[00:06:41] Now, an introduction is a little bit different than a referral because it takes the pressure off. So when I ask another writer or strategist for an introduction, there’s no pressure for them to already know that that person has a project for me. All their doing is introducing 2 interesting people who might like each other and may eventually be able to help one another. We might call this “networking,” we might call it “making new friends,” or we might call it “the opportunity to learn from another person.”

[00:07:17] I don’t care what you call it. Reach out to friends. Ask for help. By help, I mean ask for introductions. One last tip. You’ll find it easier to get those introductions if you write that paragraph yourself in the third person. That way, the person that you’re asking for help can send it to someone else really quickly.

[00:07:42] So I might write, “Hi so-and-so, I want to introduce you to my friend, Austin Church. He’s a writer and strategist. He also does some coaching for freelancers who are laid back and ambitious. You came to mind. I think you two would both enjoy a conversation. You can move me to bcc.” That sort of thing. You offer to save them time by writing the intro paragraph they can flip in 30 seconds.

[00:08:10] Number 5, think of 10 dream clients. Reach out. Tell them what you like about what they’re doing. Mention several specific things you noticed in their recent Inc. or Fast Company article, in the CEOs or CMOs latest podcast interview. Things that you like about the rock-solid content they’re putting out. Ask if they already have a specialist like you they really enjoy working with. If not, you’d love to throw your name in the hat.

[00:08:43] Tell them that you do your best work when you’re enthusiastic about the company’s mission and you really like their mission – which is (fill in the blank). You can look that up on their website. People obviously love hearing from other people who admire what they’re doing. That’s true for CEOs, it’s true for CMOs.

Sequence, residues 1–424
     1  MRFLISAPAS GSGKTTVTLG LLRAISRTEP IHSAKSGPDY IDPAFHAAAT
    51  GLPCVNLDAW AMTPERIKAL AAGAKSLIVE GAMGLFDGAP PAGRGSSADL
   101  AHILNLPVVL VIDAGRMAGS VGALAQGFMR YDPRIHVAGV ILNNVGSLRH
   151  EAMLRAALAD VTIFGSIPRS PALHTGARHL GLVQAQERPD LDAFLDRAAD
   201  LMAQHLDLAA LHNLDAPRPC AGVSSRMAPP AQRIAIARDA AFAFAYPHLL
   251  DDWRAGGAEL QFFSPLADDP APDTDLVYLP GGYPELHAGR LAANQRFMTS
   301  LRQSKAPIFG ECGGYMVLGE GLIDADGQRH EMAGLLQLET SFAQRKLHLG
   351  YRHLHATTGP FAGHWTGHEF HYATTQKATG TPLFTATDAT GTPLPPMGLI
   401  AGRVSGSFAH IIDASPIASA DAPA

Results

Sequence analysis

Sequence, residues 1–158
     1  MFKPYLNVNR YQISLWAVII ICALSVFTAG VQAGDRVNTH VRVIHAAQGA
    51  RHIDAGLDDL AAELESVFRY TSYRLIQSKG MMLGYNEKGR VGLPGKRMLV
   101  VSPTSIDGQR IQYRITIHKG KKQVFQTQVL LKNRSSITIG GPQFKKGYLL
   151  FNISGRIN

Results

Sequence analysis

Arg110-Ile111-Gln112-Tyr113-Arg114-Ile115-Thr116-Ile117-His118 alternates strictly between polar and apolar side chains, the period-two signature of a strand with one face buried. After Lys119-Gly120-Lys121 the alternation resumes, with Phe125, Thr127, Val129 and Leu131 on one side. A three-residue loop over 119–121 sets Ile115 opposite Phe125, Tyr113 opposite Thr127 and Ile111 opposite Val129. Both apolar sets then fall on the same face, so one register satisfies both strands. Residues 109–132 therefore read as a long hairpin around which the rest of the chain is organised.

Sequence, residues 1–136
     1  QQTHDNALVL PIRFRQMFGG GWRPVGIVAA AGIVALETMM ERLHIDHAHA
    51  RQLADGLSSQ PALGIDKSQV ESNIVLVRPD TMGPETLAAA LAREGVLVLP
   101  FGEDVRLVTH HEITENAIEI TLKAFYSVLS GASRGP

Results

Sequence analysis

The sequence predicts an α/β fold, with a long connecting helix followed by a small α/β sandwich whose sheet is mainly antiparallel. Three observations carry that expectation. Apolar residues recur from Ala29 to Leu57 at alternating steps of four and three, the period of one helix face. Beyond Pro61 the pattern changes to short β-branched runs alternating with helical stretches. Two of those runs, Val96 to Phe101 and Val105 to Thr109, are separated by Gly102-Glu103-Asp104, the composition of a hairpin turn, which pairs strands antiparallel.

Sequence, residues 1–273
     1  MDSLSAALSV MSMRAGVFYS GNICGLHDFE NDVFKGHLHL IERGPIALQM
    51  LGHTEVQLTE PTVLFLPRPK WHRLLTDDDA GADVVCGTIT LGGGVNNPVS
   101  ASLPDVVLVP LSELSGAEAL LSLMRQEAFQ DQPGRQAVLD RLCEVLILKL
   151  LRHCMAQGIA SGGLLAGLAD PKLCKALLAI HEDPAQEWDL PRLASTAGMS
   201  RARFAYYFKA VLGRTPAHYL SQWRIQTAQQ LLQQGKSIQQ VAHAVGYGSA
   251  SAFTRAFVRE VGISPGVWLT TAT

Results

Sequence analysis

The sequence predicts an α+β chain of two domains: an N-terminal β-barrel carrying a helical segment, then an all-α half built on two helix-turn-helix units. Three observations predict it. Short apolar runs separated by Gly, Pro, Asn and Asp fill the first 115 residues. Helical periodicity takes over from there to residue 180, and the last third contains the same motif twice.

[00:09:05] Anxiety about money, anxiety about coming up short this month can cause your creativity to contract like water when the temperature drops. And we really have to fight harder to open up that creativity, to expand it, and think, “Well, maybe this is an opportunity to go after a dream client. To go get that project that would truly build my portfolio.” 

[00:09:34] Number 6, make a laser-focused offer on your socials. Here’s what I don’t mean: “Does anyone need help with copywriting?” That is an unfocused offer. Do this instead: “Are you really pleased with your LinkedIn profile? Do you like how you’re presenting yourself? If not, would you DM me? I’ve got 2 spots open, and I’d like to pitch you on giving your profile a makeover in the next two days.”

[00:10:09] See the difference? The second example has a clear outcome, a clear timeframe, and clear value to the people on the receiving end. And if you say 2 spots and you create some scarcity, that would make something more desirable, and chances are 1 or 2 people may actually hold up their hands and reach out.

[00:10:33] Finally, number 7. Make something you like. As creatives, we don’t actually need clients to build out our portfolios. It’s easy to lose touch with our original love – creating, writing, design, illustration, coding. It’s easy to forget to do the work for yourself that your clients pay you for. So I recommend setting up a sandbox for yourself and playing hard. Share what you’re building online. Give the play-by-play. Invite people into the mess. Show the work while the sawdust is still on it.

[00:11:16] Here’s a bonus tip: take 10 deep breaths. Inhale, hold for 3 seconds, blow out through your mouth like you’re blowing throw a straw. You can make it through this. A lot of us – all of us, I would say – have bad months from time to time. You can make it through this. My friend, the best is yet to come.

[00:12:05] Before you go, a quick reminder. Be sure to check out the Freelance Cake coaching program. The program is for committed, full-time freelancers, and it’s designed to help you get better leverage in your business.

[00:12:20] We have group sessions, a private community, and on-demand trainings. And each week, you focus on implementing a specific lever such as your positioning cheat code, juicy offers, or morning marketing habit.

[00:12:34] The same or better income with more free time, fun, and creative challenges - that’s the point, right?

[00:12:42] So go to FreelanceCake.com/coaching. My friends, the best is yet to come. See you in the next episode!